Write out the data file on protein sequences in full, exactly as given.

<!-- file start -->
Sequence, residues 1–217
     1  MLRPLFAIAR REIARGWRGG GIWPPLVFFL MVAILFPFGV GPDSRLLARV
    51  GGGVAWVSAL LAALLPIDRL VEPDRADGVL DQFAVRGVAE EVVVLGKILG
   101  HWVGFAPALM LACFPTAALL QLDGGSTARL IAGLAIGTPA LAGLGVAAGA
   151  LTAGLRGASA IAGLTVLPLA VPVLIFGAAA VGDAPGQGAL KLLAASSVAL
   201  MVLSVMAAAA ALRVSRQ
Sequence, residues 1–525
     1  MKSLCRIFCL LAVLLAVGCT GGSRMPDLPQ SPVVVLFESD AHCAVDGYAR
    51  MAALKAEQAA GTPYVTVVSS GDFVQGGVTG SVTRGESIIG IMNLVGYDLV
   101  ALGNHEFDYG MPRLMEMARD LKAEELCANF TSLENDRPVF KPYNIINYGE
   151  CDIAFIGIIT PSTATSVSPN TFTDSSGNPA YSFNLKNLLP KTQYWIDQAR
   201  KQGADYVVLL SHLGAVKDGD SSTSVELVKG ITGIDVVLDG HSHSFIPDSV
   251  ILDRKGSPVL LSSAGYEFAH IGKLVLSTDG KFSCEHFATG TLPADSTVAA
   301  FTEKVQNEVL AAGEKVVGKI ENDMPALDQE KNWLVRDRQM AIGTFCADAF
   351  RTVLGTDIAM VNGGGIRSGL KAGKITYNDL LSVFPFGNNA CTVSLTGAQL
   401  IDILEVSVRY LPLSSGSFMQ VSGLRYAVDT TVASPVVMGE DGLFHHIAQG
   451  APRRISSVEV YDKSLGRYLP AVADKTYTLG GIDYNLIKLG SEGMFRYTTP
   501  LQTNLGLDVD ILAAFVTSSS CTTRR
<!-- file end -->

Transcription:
Sequence, residues 1–217
     1  MLRPLFAIAR REIARGWRGG GIWPPLVFFL MVAILFPFGV GPDSRLLARV
    51  GGGVAWVSAL LAALLPIDRL VEPDRADGVL DQFAVRGVAE EVVVLGKILG
   101  HWVGFAPALM LACFPTAALL QLDGGSTARL IAGLAIGTPA LAGLGVAAGA
   151  LTAGLRGASA IAGLTVLPLA VPVLIFGAAA VGDAPGQGAL KLLAASSVAL
   201  MVLSVMAAAA ALRVSRQ
Sequence, residues 1–525
     1  MKSLCRIFCL LAVLLAVGCT GGSRMPDLPQ SPVVVLFESD AHCAVDGYAR
    51  MAALKAEQAA GTPYVTVVSS GDFVQGGVTG SVTRGESIIG IMNLVGYDLV
   101  ALGNHEFDYG MPRLMEMARD LKAEELCANF TSLENDRPVF KPYNIINYGE
   151  CDIAFIGIIT PSTATSVSPN TFTDSSGNPA YSFNLKNLLP KTQYWIDQAR
   201  KQGADYVVLL SHLGAVKDGD SSTSVELVKG ITGIDVVLDG HSHSFIPDSV
   251  ILDRKGSPVL LSSAGYEFAH IGKLVLSTDG KFSCEHFATG TLPADSTVAA
   301  FTEKVQNEVL AAGEKVVGKI ENDMPALDQE KNWLVRDRQM AIGTFCADAF
   351  RTVLGTDIAM VNGGGIRSGL KAGKITYNDL LSVFPFGNNA CTVSLTGAQL
   401  IDILEVSVRY LPLSSGSFMQ VSGLRYAVDT TVASPVVMGE DGLFHHIAQG
   451  APRRISSVEV YDKSLGRYLP AVADKTYTLG GIDYNLIKLG SEGMFRYTTP
   501  LQTNLGLDVD ILAAFVTSSS CTTRR